A couple of points that apparently need clarification due to a great deal of fussbudgetry that I'm pretty tired of attempting to address. This is probably the utmost in futility because one of the entries is continually commented on by high school kids who either vent or assume I'm among their number and tell me to get my own computer (assuming that I'm using a computer lab to complain about Team Murder being blocked as a sexually oriented site by Websense) and the other by a person who is simply sharpening the chip on their shoulder by countering arguments that I haven't made. Futile, yes, but I'm all for exercises in futility.
The first is here and really has more to do with me asking someone at Websense to manually review my site to at least shield the innocent children from my four letter fixation under the right category. This was, of course, futile and I was rewarded with a form letter that said almost nothing in six hundred words of wraith-like legalese. Apparently I'm accessible from Denver Public Schools machines these days so I'm less inclined to keep comments attached to this old entry. That is one of the unfortunate side effects to the archiving of weblogs -- things do change over time and individual entries are frozen like a snapshot until folks drifting in on the tides of Google drive me crazy about something I wrote over a year ago. The problem that Websense still perpetuates is creating blacklists that they distribute to customers that are created with bots of some sort. They continually say that real live humans with soft skin review blocked sites but I didn't see any results until I harrassed them.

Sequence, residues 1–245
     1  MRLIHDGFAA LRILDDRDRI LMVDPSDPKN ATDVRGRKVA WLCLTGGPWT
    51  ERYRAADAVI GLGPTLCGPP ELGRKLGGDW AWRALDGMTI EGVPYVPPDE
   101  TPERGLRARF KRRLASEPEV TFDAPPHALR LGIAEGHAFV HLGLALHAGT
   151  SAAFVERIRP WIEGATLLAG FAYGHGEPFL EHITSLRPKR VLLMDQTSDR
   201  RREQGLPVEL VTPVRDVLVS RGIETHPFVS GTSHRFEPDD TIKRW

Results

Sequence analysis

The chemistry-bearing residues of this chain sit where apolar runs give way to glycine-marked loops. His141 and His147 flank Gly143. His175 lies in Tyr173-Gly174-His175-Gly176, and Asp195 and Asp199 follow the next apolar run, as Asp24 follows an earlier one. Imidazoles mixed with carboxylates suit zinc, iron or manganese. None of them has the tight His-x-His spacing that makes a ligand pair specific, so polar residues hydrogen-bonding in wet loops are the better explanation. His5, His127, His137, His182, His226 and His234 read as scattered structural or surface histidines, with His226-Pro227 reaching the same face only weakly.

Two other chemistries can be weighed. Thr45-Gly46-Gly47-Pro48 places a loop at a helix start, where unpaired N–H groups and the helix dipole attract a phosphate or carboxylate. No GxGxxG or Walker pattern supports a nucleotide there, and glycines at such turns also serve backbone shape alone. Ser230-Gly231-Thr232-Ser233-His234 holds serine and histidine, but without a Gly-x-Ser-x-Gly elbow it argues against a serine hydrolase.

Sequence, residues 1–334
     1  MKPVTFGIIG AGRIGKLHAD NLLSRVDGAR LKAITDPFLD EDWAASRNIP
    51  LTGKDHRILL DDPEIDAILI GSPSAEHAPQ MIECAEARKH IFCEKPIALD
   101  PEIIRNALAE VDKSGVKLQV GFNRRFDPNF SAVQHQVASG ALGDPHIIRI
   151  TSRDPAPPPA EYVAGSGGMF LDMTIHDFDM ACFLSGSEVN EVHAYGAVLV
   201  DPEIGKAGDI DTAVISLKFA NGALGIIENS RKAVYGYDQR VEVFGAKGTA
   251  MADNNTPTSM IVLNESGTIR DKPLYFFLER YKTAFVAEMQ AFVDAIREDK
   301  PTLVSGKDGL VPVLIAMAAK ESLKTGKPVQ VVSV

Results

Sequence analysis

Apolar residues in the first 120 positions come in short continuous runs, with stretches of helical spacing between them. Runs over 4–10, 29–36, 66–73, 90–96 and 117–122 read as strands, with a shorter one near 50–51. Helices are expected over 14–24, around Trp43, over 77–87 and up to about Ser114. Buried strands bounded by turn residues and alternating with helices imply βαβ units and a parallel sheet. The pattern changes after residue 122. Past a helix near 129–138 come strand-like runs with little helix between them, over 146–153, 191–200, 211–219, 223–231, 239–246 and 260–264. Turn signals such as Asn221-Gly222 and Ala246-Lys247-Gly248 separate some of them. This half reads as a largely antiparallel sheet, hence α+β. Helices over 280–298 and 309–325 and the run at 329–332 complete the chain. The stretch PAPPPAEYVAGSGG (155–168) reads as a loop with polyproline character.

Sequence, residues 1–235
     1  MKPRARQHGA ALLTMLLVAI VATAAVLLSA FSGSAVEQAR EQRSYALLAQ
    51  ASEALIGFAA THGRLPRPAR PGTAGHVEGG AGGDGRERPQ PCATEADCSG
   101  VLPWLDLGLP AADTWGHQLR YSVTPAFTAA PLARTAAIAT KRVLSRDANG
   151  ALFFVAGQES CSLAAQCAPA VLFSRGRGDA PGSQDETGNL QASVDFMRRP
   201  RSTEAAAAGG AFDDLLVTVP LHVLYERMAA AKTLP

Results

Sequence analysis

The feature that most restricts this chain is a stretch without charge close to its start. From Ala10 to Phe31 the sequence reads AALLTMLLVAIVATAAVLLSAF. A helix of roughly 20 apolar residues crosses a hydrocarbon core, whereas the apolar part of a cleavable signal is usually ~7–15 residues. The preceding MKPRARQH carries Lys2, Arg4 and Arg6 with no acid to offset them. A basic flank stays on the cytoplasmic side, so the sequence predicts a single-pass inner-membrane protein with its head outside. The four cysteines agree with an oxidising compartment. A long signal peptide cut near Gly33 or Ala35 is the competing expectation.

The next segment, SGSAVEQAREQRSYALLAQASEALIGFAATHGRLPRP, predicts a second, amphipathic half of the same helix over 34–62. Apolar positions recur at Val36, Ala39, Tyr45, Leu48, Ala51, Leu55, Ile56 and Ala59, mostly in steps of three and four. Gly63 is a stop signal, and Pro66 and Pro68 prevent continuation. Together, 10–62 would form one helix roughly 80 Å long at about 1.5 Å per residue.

A couple people have brought up the fact that Websense is deployed largely at schools and larger corporate offices and maybe I was being a little sensitive. The problem here is that part of education (assuming that you're not attending parochial school) is research that extends beyond what is printed in a textbook. Want to do some research on breast cancer and its impact on low income women? You're out of luck due to the prominence of the word 'breast' on any relevant sites. That's just a single example of why the blacklisting process needs to be more granular or Websense needs to be more honest about their blocking criteria. If you truly believe that those exclusions are the right of the administration (and this does discount corporate deployments) then you should have no problem with me grepping the mail spool for your deep, dark secrets. Hey, I'm an administrator, right?
I was going to address the second issue but I realized after thinking about it that I've already explained my dislike for Apple a half dozen times here and now that I don't have to work on those machines anymore I'd rather stick to my usual patterns of thinking about Apple: not at all unless they're in GPL violation.
I've been doing way too much socializing to be productive so I've just switched to playing video games instead of trying to get any coding done since it's a hell of a lot easier to have free hours between midnight and four am to game than it is to think. I've actually got a whole theory about this and how it corresponds to getting older but it would just sound bitter and trite right now. At some point in my life I'm going to have to figure out how to do the stuff I'm supposed to do and the stuff I want to do without either being a cranky crybaby or never ever sleeping. The possibility of just growing up is a possiblity but not likely.